People affected by motor neurone disease (MND) met with local MP John Hayes recently to discuss the immense financial hardship families can face when trying to cope with this rapidly progressing, fatal disease.
Research commissioned by the Motor Neurone Disease (MND) Association found some families are wiping out their savings to get support, or going without because they can’t afford it.
The amounts people have to spend can vary hugely but on average, life with MND is costing an extra £12,000 a year, before loss of earnings. Those living with children and those of working age are likely to incur even higher costs.
Members of the Lincolnshire branch of the MND Association have joined the national MND Costs campaign helping to raise awareness of this issue and are calling for better access to the benefits and financial support people with MND need.
The meeting follows other local efforts to raise the profile of the devastating neurological disease, including the adoption of the MND Charter by Lincolnshire County Council in February.
Mr Hayes said: “I was really impressed by the case made to me by those with personal experience of motor neurone disease (MND). This is a progressive disease which can blight lives and it’s our duty to support those who have it and their carers.
“That means getting people with MND the help and support they need when they need it, and I will be pressing for better recognition of exactly those needs.”
Spalding resident Hannah Harris, who led the meeting and was the driving force behind the adoption of the MND Charter by the county council, said: “I’ve seen first-hand the impact MND has on families, having lost my dad to the disease in 2015.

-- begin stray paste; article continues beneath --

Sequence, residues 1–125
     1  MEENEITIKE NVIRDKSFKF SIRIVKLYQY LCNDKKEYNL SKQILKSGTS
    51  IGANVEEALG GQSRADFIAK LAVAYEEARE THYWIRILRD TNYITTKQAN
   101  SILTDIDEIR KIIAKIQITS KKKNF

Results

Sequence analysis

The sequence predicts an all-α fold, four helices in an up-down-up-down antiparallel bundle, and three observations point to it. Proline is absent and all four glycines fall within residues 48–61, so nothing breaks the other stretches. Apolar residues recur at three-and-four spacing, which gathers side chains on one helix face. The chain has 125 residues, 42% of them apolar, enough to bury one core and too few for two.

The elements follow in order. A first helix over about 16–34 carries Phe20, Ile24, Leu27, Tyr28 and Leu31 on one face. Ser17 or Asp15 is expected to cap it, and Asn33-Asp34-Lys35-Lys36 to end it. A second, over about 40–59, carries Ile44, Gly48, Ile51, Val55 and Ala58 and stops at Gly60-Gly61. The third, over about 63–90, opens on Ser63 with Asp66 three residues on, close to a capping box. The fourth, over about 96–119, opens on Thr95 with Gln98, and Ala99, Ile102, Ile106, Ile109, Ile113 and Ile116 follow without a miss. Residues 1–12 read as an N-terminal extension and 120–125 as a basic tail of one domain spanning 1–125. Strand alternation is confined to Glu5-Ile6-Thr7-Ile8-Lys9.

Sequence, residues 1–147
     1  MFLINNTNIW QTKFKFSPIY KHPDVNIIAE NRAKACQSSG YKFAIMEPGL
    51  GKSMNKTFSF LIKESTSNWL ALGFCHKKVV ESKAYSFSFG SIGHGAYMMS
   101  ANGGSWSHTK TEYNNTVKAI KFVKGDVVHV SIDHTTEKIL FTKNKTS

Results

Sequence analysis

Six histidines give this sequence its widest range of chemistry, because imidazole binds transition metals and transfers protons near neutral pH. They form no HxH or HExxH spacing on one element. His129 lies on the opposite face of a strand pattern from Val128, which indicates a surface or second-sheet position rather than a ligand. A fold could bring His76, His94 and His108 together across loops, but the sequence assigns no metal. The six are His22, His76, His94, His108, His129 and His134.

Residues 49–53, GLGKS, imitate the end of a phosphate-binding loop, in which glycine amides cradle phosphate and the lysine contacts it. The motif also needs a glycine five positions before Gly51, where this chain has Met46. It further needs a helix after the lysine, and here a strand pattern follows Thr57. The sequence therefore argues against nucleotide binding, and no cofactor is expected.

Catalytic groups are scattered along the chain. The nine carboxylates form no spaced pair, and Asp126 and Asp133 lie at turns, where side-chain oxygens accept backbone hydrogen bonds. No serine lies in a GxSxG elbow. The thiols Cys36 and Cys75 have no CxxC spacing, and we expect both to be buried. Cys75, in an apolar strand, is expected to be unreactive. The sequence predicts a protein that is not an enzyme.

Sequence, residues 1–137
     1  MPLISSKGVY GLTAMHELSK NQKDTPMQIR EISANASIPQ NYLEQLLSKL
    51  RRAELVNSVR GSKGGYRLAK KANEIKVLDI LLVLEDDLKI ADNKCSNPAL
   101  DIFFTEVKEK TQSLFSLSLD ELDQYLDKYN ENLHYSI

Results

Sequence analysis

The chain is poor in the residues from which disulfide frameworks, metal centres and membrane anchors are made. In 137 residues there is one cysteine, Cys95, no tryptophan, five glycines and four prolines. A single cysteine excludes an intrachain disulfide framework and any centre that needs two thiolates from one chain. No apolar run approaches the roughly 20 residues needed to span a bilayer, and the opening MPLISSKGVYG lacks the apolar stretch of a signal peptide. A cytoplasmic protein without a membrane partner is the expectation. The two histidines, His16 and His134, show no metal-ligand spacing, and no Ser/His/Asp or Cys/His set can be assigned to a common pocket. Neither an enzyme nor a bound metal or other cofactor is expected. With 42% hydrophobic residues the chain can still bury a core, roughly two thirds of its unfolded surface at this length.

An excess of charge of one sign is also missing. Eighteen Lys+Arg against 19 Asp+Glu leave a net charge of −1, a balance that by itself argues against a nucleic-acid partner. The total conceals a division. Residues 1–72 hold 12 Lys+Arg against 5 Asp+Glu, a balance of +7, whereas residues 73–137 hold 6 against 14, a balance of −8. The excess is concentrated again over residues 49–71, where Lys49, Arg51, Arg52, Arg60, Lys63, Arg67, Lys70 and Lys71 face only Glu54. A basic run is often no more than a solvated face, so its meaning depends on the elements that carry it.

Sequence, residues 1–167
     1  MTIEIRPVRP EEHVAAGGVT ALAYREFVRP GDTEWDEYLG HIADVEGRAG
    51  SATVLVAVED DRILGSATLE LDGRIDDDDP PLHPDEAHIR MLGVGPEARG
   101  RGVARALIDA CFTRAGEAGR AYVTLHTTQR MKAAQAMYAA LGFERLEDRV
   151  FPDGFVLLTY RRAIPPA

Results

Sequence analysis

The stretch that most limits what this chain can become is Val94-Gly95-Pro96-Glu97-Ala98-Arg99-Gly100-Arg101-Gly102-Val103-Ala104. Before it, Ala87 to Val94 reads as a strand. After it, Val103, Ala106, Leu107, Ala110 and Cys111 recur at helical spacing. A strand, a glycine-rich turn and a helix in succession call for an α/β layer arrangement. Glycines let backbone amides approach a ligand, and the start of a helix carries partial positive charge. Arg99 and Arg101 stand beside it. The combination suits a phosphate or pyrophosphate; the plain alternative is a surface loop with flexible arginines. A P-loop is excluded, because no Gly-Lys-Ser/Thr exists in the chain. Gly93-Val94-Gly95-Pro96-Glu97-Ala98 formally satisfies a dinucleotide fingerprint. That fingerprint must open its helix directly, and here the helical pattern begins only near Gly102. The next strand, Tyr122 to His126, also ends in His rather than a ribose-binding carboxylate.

“I spent six months struggling to get him a diagnosis, and then when he had one, it was hard getting him the help and care he needed. As well as sharing my own experience with my MP, I shared the stories of three other local families, which ranged from people struggling to get a ramp so they can get in and out of their home using a wheelchair, to selling their homes to pay for care home fees.
“Together this illustrated that much more needs to be done to improve recognition of MND and its huge financial impact, and I’m pleased that John Hayes agreed to champion this issue locally and nationally.”
Mr Hayes agreed to take action on a number of the points raised, including raising concerns with the Minister of state for Disabled People, Work & Health Penny Mordant about exempting people with MND from reassessment once they have been found eligible to receive the disability benefit Employment and Support Allowance.